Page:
Advances in sensor technology and microelectronics have opened new opportunities in the health and life sciences industries. Wearable sensors allow for continuous bio-monitoring without any manual intervention, thus reducing provider-patient interaction and costs while contributing improvements in the quality of the data.
Wearable electronics, or wearables in short, are light electronics with embedded bio-sensors that can be comfortably worn on clothes or the body. Some of today’s wearable electronics include Fitbit wristbands, Google and SONY glasses, and, most impactful, the Apple Watch. The term ‘wearable electronics’ is quickly becoming part of the consumer’s vocabulary, and the market growth is expected to be impressive: from $22.7 billion in 2015 to $173.3 billion by 2020 (Source ResearchAndMarkets.com).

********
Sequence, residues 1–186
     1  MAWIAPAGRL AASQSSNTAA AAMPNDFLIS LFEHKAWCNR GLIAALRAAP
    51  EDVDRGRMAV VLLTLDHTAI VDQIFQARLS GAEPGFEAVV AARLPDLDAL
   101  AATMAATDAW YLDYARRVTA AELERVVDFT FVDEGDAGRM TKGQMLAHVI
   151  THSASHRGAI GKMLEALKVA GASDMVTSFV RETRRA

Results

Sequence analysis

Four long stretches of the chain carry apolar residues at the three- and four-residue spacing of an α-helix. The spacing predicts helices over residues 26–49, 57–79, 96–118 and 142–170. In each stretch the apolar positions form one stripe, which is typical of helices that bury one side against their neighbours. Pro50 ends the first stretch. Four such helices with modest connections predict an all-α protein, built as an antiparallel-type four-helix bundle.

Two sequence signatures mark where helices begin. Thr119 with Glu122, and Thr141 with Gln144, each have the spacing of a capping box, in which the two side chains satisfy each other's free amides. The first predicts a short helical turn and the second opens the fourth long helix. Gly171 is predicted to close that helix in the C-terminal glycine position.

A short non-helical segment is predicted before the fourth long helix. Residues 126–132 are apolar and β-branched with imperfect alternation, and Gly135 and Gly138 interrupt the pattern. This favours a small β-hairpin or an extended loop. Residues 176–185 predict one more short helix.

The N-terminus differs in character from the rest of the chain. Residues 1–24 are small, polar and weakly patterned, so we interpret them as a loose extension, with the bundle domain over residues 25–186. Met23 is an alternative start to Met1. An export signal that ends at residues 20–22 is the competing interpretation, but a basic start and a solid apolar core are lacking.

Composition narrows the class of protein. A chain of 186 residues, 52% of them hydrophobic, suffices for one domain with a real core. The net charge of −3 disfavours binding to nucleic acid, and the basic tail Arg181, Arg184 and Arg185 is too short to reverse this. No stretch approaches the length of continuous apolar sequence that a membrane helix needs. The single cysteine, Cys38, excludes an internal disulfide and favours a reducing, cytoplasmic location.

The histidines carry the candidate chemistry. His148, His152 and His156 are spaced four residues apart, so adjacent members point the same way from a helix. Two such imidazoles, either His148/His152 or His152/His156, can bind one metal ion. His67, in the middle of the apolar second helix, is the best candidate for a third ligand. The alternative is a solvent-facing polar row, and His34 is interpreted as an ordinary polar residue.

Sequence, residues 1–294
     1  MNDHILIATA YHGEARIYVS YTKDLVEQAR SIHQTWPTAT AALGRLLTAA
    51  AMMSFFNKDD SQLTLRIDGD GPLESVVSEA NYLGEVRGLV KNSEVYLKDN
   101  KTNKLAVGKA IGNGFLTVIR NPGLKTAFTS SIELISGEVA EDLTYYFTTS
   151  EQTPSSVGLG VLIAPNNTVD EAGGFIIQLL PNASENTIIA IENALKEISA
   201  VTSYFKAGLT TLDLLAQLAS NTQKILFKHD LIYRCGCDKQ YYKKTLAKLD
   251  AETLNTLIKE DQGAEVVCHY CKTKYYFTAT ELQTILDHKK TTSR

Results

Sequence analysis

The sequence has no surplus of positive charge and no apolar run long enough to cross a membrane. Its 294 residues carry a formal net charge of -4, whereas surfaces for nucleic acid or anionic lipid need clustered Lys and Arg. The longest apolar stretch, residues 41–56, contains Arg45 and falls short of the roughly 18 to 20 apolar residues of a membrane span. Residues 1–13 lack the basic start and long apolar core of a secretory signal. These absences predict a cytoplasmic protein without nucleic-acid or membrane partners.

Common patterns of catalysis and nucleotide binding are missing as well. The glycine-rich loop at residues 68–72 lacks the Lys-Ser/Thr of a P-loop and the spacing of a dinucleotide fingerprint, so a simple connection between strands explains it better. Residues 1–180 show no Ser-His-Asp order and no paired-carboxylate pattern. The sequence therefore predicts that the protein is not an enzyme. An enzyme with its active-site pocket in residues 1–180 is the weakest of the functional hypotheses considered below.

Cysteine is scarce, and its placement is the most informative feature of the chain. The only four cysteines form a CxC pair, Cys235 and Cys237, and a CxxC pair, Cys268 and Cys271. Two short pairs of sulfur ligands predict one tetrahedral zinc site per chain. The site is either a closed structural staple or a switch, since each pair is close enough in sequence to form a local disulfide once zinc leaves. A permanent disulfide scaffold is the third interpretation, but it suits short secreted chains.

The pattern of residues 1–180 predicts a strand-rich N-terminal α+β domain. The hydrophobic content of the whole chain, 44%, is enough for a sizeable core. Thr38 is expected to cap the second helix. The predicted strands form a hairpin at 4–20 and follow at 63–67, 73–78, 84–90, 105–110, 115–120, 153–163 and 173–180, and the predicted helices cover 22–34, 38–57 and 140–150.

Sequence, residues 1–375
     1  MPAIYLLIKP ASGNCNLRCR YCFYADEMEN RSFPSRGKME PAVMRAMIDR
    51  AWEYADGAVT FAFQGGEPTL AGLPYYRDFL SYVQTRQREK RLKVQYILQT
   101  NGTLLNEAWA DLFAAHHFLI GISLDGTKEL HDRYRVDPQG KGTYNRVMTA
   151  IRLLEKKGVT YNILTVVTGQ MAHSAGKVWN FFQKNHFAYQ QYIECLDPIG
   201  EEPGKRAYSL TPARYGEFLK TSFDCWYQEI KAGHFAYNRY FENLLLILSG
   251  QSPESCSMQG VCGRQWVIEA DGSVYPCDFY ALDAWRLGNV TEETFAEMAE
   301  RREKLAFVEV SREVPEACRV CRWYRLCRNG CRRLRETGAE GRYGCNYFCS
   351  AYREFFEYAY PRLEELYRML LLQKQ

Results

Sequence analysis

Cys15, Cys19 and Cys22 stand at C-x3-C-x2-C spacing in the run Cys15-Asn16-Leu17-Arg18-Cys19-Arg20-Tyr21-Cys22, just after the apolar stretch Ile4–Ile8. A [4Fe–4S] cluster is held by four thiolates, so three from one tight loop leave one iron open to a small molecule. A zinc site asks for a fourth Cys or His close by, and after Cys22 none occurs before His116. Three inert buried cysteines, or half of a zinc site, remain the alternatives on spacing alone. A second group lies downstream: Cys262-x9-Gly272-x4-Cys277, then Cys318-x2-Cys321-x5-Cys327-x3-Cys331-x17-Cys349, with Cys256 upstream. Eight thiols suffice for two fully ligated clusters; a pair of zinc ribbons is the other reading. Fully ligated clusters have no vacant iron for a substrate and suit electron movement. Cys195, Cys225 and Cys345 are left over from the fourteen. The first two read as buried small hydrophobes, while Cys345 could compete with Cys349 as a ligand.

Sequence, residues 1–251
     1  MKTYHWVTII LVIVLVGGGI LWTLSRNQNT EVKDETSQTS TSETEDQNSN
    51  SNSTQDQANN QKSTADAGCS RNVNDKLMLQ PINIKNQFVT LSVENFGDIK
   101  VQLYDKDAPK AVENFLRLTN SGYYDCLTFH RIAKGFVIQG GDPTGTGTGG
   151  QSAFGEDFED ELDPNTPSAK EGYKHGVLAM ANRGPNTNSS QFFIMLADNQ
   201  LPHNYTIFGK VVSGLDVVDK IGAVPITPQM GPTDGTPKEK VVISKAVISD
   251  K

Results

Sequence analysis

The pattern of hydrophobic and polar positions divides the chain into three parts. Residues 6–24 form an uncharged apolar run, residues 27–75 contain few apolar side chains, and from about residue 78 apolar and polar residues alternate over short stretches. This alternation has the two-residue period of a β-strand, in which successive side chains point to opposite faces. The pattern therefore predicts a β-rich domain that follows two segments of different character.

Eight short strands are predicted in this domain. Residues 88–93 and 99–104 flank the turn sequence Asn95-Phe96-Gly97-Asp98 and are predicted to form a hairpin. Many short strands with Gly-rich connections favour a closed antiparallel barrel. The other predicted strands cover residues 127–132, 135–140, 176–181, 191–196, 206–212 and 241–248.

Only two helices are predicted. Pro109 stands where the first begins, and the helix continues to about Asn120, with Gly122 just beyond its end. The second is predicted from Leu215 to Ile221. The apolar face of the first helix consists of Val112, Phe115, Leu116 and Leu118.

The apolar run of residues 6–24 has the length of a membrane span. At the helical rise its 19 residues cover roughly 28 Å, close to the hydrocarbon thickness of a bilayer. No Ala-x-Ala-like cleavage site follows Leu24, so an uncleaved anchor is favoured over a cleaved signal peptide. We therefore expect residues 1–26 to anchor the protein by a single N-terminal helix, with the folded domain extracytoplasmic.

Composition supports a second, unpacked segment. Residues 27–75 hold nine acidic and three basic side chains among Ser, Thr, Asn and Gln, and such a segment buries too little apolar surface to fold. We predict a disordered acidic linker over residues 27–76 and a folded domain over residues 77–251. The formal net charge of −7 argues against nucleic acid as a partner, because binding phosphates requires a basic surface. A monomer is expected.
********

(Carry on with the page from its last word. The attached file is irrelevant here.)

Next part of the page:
However, skeptics are pointing to the lukewarm success of the Fitbit wristband, which one- third of owners stopped wearing after six months (Source Mobihealthnews.com). Also, given that current wearables only provide basic monitoring, they don’t significantly contribute to patient treatment,